Barceló, Nancy V., 1946-
- Existence: 1946-
Born in Merced, California on June 5, 1946, activist and administrator Nancy "Rusty" Barceló earned the Bachelor of Arts degree in Social Welfare and Corrections from Chico State University in 1969. Barceló arrived at the University of Iowa as a graduate student in 1970. In 1971 she and fellow students Antonio Zavalla and Ruth Pushetonequa founded the Chicano Indian-American Student Union (CIASU). Barceló earned her Master of Arts in Recreational Education in 1972. She left the University of Iowa to assume the position of Coordinator of Educational Opportunity Services at the University of Oregon from 1973 to 1975. After her time in Oregon, Barceló returned to the University of Iowa where, in 1980, she became the first Mexican-American to earn a doctoral degree from the university.
Following her graduation, Barceló was hired by the University of Iowa, where she served as Acting Director of Affirmative Action (1982-1983), Director of Summer Session (1981-1987), Associate Director, Opportunity at Iowa, (1987-1994), Assistant Dean (1981-1995) and Assistant Provost, Opportunity at Iowa (1995-1996). From 1996 to 2001, Barceló was Associate Vice President for Multicultural Affairs and the Chair of the Chicana Studies Department at the University of Minnesota. She left that position in 2001 to become the Vice President for Minority Affairs and Diversity at the University of Washington in Seattle.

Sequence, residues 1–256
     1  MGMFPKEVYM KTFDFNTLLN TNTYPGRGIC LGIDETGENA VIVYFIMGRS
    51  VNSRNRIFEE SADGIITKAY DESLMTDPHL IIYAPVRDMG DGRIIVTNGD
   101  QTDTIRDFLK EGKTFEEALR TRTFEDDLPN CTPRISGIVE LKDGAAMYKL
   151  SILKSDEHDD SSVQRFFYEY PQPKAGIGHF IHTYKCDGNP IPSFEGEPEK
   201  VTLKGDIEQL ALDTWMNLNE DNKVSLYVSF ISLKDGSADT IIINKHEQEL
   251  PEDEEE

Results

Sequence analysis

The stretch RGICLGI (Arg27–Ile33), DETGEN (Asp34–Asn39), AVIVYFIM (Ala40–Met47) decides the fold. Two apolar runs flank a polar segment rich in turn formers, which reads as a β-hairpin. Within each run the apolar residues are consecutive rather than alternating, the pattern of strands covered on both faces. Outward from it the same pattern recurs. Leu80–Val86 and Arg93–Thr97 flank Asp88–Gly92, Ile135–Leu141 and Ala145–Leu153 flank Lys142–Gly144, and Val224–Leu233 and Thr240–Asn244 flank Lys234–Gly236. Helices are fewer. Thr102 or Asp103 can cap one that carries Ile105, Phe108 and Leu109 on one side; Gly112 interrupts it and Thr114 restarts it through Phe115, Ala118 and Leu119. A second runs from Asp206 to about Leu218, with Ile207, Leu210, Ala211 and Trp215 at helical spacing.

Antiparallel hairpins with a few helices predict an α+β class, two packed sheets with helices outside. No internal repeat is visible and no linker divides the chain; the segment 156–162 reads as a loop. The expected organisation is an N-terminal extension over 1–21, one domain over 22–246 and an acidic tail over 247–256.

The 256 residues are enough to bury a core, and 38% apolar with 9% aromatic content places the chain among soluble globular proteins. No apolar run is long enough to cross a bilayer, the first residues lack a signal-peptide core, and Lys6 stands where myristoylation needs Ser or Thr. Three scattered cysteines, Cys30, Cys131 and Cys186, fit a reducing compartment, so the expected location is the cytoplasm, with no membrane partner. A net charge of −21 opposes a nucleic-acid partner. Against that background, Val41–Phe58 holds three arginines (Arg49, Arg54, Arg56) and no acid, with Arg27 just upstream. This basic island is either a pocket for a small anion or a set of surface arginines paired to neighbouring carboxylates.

Barceló is credited as the moving force behind the National Initiative for Women in Higher Education (NIWHE). Since moving to Washington, she has chaired Mujeres Activas en Letras y Cambio Social (MALCS) and the Washington State Native American Advisory Board (NAAB). Her honors include establishment of the Rusty Barceló Award at the University of Minnesota that honors faculty, staff and students who, through their own work on campus, foster multicultural community building. In 2004, Barceló received the Ohtli award, a special recognition presented by the Mexican government to Mexicans or Latinos whose work has benefited Mexicans living abroad.